Outdoor Retailer Show Recap

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Store owners, big name brands, product people, a cadre of designers and a roster of non-profits along with starry-eyed start ups descended on Denver last week for the Outdoor Retailer Summer Market trade show where new offerings of gear and goods for the Spring/Summer ’20 season were on display. The mood was upbeat and aisle traffic steady over the course of the show, reflecting the industry’s acceptance of the earlier show date in June, a shortened timeframe to three days and the appeal of the Show’s switch to Denver after decades in Salt Lake City.

Outdoor Retailer, celebrating its 30th anniversary in 2019, has morphed over the years from a transactional show to a congenial community gathering. However, as one exhibiting brand exec at the recent Show clarified to us, “Business is still getting done at OR, it’s just not about writing orders.” Indeed, the hunt for what’s new and trending, networking — in exhibitors’ booths, but increasingly happening in the aisles — and making new contacts has come to define business at today’s OR.

While the latest looks in apparel and footwear continue to blur the lines between function and fashion, with product innovation devoted more to refinement that anything revolutionary, a crystal clear trend at OR Summer Market 2019 is the continuation of retail rationalization. According to market research firm NPD, more stores had closed by April of this year, than all of 2018. This, in addition to the current situation surrounding tariffs, slow growth in footwear sales growth in footwear and declines in apparel, created a sense of uncertainty one could feel simmering below the surface of the outdoor industry’s optimistic spirit.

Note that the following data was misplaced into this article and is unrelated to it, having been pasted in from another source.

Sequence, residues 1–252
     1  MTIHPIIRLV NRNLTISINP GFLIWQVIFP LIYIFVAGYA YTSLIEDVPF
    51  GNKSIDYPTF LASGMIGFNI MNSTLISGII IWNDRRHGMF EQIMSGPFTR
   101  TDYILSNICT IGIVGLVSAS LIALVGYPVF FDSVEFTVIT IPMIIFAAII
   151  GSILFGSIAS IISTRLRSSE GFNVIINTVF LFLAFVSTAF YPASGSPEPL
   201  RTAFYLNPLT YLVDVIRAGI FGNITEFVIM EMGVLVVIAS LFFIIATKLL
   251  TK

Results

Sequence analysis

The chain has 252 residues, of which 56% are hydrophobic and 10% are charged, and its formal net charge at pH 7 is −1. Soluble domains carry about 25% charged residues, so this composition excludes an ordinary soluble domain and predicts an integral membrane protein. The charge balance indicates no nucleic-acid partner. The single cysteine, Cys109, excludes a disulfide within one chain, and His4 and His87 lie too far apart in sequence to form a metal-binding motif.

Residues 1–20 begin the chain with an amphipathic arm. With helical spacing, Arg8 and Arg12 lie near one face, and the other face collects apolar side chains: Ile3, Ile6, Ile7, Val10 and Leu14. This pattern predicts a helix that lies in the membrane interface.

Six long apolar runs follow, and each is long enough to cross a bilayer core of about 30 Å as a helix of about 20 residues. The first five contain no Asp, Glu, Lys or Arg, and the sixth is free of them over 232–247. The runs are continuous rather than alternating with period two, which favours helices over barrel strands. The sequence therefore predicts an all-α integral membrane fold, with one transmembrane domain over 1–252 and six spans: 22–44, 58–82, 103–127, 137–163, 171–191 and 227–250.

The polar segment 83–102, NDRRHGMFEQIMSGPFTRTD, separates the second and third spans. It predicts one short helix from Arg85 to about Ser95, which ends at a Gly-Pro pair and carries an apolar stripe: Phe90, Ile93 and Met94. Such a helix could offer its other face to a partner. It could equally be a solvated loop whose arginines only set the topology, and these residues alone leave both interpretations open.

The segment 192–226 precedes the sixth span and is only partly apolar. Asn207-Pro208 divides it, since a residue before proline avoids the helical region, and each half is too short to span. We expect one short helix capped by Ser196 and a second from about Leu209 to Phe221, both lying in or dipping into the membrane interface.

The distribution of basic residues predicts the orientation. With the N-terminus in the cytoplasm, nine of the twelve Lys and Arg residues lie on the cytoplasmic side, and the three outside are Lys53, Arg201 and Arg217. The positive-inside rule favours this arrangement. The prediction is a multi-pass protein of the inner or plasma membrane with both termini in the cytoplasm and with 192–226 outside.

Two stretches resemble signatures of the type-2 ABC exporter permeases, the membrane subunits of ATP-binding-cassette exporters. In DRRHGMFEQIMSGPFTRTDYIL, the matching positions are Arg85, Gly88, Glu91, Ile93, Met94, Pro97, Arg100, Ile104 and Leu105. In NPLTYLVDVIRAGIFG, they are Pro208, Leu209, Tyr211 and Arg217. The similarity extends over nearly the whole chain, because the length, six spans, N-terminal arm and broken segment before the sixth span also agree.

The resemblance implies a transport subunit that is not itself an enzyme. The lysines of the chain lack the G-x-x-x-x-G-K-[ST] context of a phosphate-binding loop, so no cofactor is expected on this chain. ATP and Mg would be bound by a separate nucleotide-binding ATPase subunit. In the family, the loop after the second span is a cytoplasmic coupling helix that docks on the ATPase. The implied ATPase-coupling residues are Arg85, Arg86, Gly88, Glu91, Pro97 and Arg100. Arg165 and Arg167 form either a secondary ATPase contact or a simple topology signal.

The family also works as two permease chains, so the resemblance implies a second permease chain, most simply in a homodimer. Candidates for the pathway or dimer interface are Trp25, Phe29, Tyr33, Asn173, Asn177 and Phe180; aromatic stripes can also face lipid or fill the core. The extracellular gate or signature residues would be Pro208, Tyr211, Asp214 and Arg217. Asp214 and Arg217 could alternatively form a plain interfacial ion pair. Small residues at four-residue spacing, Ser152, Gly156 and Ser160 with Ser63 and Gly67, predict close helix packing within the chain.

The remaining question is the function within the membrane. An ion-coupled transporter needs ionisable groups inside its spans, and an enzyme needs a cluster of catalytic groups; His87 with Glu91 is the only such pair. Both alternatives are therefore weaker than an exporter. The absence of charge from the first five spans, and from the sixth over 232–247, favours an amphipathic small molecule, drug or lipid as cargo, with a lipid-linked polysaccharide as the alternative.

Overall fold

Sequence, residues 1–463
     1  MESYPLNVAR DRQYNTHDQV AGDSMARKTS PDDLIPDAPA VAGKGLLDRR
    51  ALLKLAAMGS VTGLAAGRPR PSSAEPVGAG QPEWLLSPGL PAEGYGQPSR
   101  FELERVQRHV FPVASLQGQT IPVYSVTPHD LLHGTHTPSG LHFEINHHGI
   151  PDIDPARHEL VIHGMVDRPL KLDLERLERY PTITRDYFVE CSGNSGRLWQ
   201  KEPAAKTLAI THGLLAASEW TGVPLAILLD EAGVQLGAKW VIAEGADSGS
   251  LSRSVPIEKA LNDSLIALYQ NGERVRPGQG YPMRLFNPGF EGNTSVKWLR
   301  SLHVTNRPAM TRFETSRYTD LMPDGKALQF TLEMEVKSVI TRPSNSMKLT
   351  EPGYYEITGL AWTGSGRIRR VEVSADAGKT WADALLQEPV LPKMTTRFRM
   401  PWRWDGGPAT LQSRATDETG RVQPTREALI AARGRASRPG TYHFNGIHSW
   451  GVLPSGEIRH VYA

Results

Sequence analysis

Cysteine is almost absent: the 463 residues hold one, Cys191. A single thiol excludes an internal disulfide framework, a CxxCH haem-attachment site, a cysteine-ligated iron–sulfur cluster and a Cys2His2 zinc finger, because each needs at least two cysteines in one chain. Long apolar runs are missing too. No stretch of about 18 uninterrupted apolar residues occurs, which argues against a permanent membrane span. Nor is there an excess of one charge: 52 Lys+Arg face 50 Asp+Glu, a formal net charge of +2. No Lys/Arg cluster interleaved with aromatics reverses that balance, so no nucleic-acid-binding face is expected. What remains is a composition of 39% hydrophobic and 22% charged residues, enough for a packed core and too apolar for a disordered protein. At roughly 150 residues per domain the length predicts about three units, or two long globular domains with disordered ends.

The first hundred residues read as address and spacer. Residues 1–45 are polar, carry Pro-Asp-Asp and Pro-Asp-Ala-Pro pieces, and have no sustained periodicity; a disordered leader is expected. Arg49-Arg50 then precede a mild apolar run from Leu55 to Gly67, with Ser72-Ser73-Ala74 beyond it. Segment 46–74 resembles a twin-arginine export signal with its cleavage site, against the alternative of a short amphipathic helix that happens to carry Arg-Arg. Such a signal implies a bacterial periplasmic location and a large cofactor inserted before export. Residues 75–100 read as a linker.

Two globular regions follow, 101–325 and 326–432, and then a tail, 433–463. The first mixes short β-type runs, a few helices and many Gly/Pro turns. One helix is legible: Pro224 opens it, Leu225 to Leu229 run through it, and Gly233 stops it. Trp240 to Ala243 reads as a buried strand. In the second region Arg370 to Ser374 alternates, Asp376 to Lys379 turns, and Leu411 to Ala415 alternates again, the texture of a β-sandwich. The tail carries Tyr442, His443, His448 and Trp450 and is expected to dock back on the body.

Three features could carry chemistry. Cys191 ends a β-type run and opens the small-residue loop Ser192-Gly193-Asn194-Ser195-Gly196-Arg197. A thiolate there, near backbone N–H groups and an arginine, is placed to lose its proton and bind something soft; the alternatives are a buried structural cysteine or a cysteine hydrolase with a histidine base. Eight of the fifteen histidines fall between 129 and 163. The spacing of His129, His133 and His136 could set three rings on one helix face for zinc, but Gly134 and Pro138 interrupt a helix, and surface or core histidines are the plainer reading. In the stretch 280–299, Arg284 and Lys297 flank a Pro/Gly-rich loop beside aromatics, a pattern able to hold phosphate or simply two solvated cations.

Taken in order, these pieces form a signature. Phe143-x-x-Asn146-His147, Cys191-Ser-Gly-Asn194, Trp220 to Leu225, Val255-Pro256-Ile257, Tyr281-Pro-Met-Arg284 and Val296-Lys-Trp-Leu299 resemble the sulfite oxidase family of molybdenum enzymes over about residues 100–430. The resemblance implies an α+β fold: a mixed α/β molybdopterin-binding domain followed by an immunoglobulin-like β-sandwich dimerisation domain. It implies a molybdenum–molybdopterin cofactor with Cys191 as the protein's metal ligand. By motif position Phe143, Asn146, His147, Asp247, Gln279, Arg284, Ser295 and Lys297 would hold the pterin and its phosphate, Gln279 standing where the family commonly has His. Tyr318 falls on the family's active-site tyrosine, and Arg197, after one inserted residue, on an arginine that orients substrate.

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Store owners, big name brands, product people, a cadre of designers and a roster of non-profits along with starry-eyed start ups descended on Denver last week for the Outdoor Retailer Summer Market trade show where new offerings of gear and goods for the Spring/Summer ’20 season were on display. The mood was upbeat and aisle traffic steady over the course of the show, reflecting the industry’s acceptance of the earlier show date in June, a shortened timeframe to three days and the appeal of the Show’s switch to Denver after decades in Salt Lake City.

Outdoor Retailer, celebrating its 30th anniversary in 2019, has morphed over the years from a transactional show to a congenial community gathering. However, as one exhibiting brand exec at the recent Show clarified to us, “Business is still getting done at OR, it’s just not about writing orders.” Indeed, the hunt for what’s new and trending, networking — in exhibitors’ booths, but increasingly happening in the aisles — and making new contacts has come to define business at today’s OR.

While the latest looks in apparel and footwear continue to blur the lines between function and fashion, with product innovation devoted more to refinement that anything revolutionary, a crystal clear trend at OR Summer Market 2019 is the continuation of retail rationalization. According to market research firm NPD, more stores had closed by April of this year, than all of 2018. This, in addition to the current situation surrounding tariffs, slow growth in footwear sales growth in footwear and declines in apparel, created a sense of uncertainty one could feel simmering below the surface of the outdoor industry’s optimistic spirit.

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